When we think of the impacts of climate change, the words global warming, sea-level rise, and extreme weather will often come to mind. But another lesser-known, though equally serious, consequence of our anthropogenic footprint is the global acidification of our oceans.
Seagrasses Turn Back the Clock on Ocean AcidificationExpansive Study Shows Seagrass Meadows Can Buffer Ocean Acidification
Spanning six years and seven seagrass meadows along the California coast, a paper published today from the University of California, Davis, is the most extensive study yet of how seagrasses can buffer ocean acidification.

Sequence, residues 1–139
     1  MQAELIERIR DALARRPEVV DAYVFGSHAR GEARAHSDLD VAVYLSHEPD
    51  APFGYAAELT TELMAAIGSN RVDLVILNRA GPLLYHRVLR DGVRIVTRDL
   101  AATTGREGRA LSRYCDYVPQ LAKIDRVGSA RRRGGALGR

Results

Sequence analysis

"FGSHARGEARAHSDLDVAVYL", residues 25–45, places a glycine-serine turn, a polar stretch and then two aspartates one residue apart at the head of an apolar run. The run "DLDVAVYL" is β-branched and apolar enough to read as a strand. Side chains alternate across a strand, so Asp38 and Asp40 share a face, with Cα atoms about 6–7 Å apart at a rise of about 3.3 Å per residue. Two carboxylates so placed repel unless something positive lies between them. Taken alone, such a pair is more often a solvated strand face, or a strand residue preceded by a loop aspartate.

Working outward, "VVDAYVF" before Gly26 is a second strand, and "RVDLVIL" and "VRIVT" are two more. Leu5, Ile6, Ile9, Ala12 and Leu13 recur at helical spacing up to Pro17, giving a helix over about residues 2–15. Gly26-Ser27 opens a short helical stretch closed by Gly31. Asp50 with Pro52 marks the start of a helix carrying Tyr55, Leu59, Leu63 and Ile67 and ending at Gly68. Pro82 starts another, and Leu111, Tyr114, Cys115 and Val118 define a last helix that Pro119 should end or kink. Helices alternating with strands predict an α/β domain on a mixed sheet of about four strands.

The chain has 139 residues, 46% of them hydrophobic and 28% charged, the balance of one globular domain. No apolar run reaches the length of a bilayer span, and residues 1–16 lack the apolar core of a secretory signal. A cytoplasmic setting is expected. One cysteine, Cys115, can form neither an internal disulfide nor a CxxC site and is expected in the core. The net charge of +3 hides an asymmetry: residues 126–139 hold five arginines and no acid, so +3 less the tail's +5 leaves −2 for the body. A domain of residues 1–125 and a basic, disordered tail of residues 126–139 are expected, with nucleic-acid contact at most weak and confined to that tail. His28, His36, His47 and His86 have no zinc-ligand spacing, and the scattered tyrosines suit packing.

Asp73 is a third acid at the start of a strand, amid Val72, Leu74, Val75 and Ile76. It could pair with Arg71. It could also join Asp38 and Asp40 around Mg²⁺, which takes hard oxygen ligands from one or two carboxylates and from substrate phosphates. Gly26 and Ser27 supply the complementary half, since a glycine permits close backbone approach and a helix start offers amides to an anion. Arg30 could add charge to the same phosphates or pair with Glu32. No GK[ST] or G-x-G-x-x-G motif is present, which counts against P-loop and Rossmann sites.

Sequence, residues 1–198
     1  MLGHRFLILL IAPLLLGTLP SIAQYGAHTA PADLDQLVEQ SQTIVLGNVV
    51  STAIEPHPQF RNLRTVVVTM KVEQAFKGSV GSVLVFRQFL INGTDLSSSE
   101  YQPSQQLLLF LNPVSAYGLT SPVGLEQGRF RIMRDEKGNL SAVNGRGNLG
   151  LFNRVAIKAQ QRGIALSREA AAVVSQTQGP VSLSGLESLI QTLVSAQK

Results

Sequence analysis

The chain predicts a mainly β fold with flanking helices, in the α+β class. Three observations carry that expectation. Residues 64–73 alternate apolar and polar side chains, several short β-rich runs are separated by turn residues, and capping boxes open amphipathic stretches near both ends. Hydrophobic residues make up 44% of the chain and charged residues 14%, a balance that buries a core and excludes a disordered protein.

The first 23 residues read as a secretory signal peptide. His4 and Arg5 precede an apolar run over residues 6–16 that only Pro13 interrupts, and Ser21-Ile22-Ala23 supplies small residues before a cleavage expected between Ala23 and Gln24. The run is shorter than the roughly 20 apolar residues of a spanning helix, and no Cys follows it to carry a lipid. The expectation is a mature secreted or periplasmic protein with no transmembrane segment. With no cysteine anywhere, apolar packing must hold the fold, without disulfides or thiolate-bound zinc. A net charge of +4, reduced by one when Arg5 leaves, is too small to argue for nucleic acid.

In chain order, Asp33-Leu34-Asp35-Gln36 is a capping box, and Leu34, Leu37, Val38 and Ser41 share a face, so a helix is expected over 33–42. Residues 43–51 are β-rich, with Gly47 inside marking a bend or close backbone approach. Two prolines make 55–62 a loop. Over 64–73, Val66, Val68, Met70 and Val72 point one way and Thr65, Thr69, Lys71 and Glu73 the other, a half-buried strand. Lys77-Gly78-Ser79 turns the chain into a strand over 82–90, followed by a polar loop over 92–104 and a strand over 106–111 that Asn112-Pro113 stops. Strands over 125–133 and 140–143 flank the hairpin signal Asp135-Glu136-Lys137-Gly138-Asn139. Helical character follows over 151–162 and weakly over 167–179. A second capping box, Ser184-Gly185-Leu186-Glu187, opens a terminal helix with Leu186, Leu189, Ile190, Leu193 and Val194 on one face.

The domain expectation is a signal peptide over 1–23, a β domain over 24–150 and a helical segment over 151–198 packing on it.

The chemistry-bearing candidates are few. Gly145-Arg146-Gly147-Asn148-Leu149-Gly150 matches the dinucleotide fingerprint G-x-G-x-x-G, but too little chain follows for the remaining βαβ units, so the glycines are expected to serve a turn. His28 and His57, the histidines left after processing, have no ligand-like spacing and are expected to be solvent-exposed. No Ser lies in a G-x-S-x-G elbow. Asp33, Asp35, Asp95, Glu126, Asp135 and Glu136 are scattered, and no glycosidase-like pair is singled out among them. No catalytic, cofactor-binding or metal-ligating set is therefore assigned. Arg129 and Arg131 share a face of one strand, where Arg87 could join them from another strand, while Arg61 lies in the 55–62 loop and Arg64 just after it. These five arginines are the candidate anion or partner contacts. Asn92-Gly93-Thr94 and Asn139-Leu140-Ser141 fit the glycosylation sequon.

Acidification of the world’s oceans was supposed to be a distant problem — nothing to worry about until some time in the future. But a new study of juvenile Dungeness crab collected off the Pacific Northwest coast shows the crustaceans are vulnerable to conditions that exist right now.
Scientists at BML are engaged in researching many other aspects of climate change, which can be grouped broadly into oceanographic and ecological studies as well as in the context of habitat restoration and invasive species.